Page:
Lotus, to eat, the beach

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Lotus, to eat, the beach

You give me a Buddhist-themed noun, an action, and a location, and I create the story. Today, I was given the noun “lotus,” the action “to eat,” and a location “the beach.” Hope you enjoy the read!

“If you had a problem with me waking you up early you should have just told me, I’m not a mind reader.” Joyce was eating her pork ribs spitefully as she said this, chewing at the seasoned flesh with a vigor that made Helen regret she had said anything at all. “You know?” asked Joyce, as she stared into Helen’s eyes, her tongue aggressively seeking bits of meat that were caught in her teeth.

“You’re right, I’m sorry,” Helen said, looking away and directing her gaze at the sea, where Joyce’s boy, Mike, was paddling with delight. Helen hated arguing, especially on days like these. The three of them had come to the beach to celebrate their two year anniversary as a family—it was supposed to be a lovely break from their hectic working lives, a day to remember. But now this.

“I’m going to the car to get some more hot sauce,” Helen lied, trying to sound collected so there would be no questions asked. Once she got to the car she practically jumped into the back seat, slammed the door shut, and burst into hysterical sobs. Why did she always have to open her stupid mouth? If she had kept her stupid mouth shut, none of this would have happened, she thought, and she had to muster all of her willpower to get into the lotus position instead of banging her head against the hard door. All she had wanted was to lie in a little today because it was Sunday, and in her mind she had made this perfectly clear in the past. Yet Joyce proceeded to stomp around the house at an ungodly hour, and although Helen was exhausted, she had tried her best to hide her frustration. But when they arrived at the beach and Joyce teased her for being in a daze, it had been too much—the reproach was already out of Helen’s mouth before she realized what she was doing.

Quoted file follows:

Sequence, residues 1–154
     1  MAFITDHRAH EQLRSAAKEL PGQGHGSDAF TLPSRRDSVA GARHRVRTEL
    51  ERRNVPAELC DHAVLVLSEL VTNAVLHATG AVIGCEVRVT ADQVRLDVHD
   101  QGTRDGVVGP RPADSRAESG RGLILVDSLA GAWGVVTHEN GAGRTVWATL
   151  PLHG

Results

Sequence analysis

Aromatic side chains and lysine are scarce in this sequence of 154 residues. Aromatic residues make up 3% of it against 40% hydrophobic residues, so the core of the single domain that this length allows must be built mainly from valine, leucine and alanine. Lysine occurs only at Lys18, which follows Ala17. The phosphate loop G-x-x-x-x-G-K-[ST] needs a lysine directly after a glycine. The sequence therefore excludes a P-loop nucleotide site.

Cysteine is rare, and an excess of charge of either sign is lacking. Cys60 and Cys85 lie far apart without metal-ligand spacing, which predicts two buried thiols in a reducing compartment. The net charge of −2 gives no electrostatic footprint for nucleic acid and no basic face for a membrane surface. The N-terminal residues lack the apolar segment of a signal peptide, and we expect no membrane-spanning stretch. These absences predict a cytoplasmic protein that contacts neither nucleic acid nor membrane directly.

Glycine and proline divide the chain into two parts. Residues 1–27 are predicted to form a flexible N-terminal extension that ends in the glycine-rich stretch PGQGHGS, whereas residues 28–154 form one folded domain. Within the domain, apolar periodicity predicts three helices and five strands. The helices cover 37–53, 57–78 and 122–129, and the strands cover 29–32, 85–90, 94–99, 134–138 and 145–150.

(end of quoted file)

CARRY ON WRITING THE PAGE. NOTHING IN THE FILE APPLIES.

Helen tried focusing on her breath like she had learned in her meditation class, but instead of calming down, her anger towards Joyce grew. Maybe this wasn’t the real deal after all. Their compatibility had seemed to wane over the past year, and as she thought this she remembered the way in which Sophie had flirted with her by the water dispenser at the office. The thought of Sophie’s brown eyes and her long, curly hair made Helen shudder, and she instinctively took her smartphone out of her pocket. Sophie had always seemed mesmerized by her, and Helen knew she was just one text away from kindling a brand new romantic relationship…

After she calmed down enough, Helen made her way back to the beach, where Joyce was busy fixing up Mike’s swimming suit, which was hanging low due to all sand that had accumulated in it. Upon seeing Helen’s swollen eyes, Mike asked dejectedly if they were going home. “Not at all,” said Joyce, as she turned towards Helen, taking her hand and gripping it tightly. “Helen here and I have a boxing fight to finish,” she added with a wink. “And once we’re done, the three of us must go back to the water for a family swim.” Helen squeezed Joyce’s hand back, thinking how different her childhood could have been if her parents had been willing to fight for what they had. 

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